Early August 2019. My husband Mike and I got up at about 4:15 a.m. central time, and we had a little spring in our steps despite the incredibly early hour. Why? Because it was the first pre-planning day of our 30th year of teaching, our retirement year.
We were too excited as we rode to Long Cane Middle School in LaGrange, Georgia, dressed in matching retirement T-shirts which we had designed ourselves. On the front, there was a school picture of us with the words, “Our last year is finally here! Mike and Stacey Wallace — Farewell Tour 2020.”
The back of our shirts looked like a rock star’s scheduled tour dates. We included important dates in our 30-year careers, including the date of our first year (August 1990, The Adventure Begins) and our last day as working teachers (May 28, 2020, A New World Awaits.)
However, in August 2019, we didn’t know that the “New World” would be designed by COVID-19. Our school and the whole world shut down; the only places anyone could go were the grocery store, the pharmacy and the doctor, wearing a mask and trying not to get to close to other people.
As all Americans with elderly parents had to do, we visited Barbara Patton, my sweet Mama (and not the former mayor of Opelika), outside the window of the assisted living facility in which she lived in Dadeville. We talked to her on our cell phone, but we could no longer hug or kiss her.
It was a gray, sad world for everyone, and it was certainly not the retirement we had anticipated. Mike and I had wanted to take a retirement trip to Seattle, Washington, and Portland, Oregon, not knowing that Seattle would become ground zero for the pandemic in America. We also had looked forward to getting to know our church family at Central Baptist of Opelika better and make new friends. Nope. Mike and I sat at home and watched a lot of movies, as everyone else did.
However, God blessed us greatly during the hard shutdown. Mike and I didn’t lose our lives, home, teaching positions or retirement pensions, and we were very grateful.
Now, however, we are living the retirement we had envisioned four years ago. Mike and I are more involved with friends and ministries at Central Baptist Church; if you’re looking for a sweet, loving church, please come and visit us soon. Also, we are meeting new friends in the community. For example, both Mike and I are taking classes at Auburn University’s Osher Lifelong Learning Institute or OLLI, which I highly recommend to people 50 years old and up.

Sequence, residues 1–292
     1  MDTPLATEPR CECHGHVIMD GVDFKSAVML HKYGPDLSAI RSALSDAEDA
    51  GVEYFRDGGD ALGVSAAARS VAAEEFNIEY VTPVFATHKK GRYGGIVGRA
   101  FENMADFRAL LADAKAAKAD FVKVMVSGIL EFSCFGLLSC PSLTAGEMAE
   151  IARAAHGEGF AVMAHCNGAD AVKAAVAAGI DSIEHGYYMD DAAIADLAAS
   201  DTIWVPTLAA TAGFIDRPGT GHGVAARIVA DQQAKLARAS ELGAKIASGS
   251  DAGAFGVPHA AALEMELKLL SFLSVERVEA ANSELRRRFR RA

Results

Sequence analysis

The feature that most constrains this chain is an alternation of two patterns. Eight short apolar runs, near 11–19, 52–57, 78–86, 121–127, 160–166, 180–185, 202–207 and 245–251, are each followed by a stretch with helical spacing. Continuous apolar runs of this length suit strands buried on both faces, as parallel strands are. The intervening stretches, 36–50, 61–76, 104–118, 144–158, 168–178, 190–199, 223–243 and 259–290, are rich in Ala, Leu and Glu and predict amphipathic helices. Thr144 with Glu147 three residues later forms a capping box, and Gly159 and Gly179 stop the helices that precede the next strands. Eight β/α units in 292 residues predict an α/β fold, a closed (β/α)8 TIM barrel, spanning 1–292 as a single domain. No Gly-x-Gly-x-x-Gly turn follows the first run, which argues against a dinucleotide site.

Recently, I met Judy, Nancy and Kim, three of my new OLLI friends, at Corner Office at 540 Devall Drive, Suite 103, in Auburn’s Technology Park. Being the least tech savvy person I know, I thought the restaurant’s location was a little ironic; I’m surprised I was even allowed in the area.
Corner Office is locally owned by Matt Poirier, who also owns The Hound and The Depot in Auburn and Sneak & Dawdle in Opelika.
Corner Office opened last August. The restaurant has a bright and cheerful interior, and I admired the attractive plants hanging from the light fixtures. The unfinished mural will also be an attractive feature when it’s finished.
Haly, our cashier, and Ashley, our server, were so warm, patient and helpful. Also, Jess Vigeland, Corner Office’s front of the house manager, was a delight and kindly answered all of my questions.
For our appetizer, my friends and I shared an order of avocado toast, which consisted of sourdough, avocado, goat cheese, pickled onion, arugula and a balsamic glaze. It was really fresh and delicious.
Judy selected the cheeseburger with homemade chips, while Kim ordered the special of the day, a meatball sub and tater tots. Nancy chose the goddess handheld, which consisted of smoked turkey, smoked bacon, provolone, avocado, lettuce, onion and Green Goddess dressing on a baguette. I ordered a cheeseburger with cheese tater tots. Everything was slap your Grandma two times good.
Corner Office offers breakfast from 8 to 10 a.m., including build-your-own breakfast sandwiches, an early bird burrito and “totchos,” which consists of queso, chorizo, fresh pico, avocado crema, cilantro and radish.
Besides our delectable dishes, other lunch items include shrimp and grits, soup of the day with a baguette, salads and handhelds such as a chicken sandwich and fried green tomato.
From 3 to 7 p.m. on Thursday and Friday, Corner Office serves a happy hour menu which includes: totchos, boneless wings, Po’cheese with crackers, a giant soft pretzel with Jess’s sweet and tangy mustard and pork belly sliders.
Trust me, visit Corner Office as soon as you can; you’ll be very happy you did.
Judy, Nancy and Kim, this review was for you. I look forward to our next food adventure.
Also, I want to give a special thanks to Michelle Key, the owner and publisher of The Observer. Three years ago, Michelle let me write “Making the Grade,” for her paper, and I really appreciated the opportunity. Who knew that a “Pooh-sized,” retired English teacher would get to have so much fun? In addition, thanks to my readers who spend time reading my column; without you, I wouldn’t have this pleasure.
Corner Office is closed on Saturday and Sunday. The restaurant is open Monday through Wednesday from 8 a.m. to 3 p.m.; on Thursday and Friday from 8 a.m. to 7 p.m.
Corner Office makes the grade with an A+ from this retired schoolteacher. Remember, “Pooh-sized” people NEVER lie about food. Enjoy!

Stacey Patton Wallace, who retired from teaching language arts for 30 years, is a professional diner. Her column, “Making the Grade,” will appear every other week in The Observer. Stacey may be reached at retiredlangartsteacher2020@gmail.com.